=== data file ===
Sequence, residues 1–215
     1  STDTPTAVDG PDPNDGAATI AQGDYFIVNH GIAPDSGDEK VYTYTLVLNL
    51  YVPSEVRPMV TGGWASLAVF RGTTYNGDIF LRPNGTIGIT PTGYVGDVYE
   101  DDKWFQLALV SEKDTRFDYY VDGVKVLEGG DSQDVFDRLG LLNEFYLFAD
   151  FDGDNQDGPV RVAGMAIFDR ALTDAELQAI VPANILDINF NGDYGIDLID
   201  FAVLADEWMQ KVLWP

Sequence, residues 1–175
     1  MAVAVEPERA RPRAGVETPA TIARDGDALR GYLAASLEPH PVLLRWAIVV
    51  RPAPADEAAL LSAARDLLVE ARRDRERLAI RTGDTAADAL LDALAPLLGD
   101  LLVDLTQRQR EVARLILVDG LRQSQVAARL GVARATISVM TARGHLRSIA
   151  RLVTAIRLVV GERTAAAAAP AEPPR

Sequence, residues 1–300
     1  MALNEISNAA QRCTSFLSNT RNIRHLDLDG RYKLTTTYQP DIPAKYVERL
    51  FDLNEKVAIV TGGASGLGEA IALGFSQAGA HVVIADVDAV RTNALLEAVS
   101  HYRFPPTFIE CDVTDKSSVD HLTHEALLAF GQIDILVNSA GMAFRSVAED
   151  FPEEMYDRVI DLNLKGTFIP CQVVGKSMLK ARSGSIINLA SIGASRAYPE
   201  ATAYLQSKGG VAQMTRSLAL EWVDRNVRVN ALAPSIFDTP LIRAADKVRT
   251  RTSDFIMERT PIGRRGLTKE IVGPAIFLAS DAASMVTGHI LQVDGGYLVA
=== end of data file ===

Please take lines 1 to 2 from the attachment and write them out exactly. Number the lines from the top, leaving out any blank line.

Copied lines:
Sequence, residues 1–215
     1  STDTPTAVDG PDPNDGAATI AQGDYFIVNH GIAPDSGDEK VYTYTLVLNL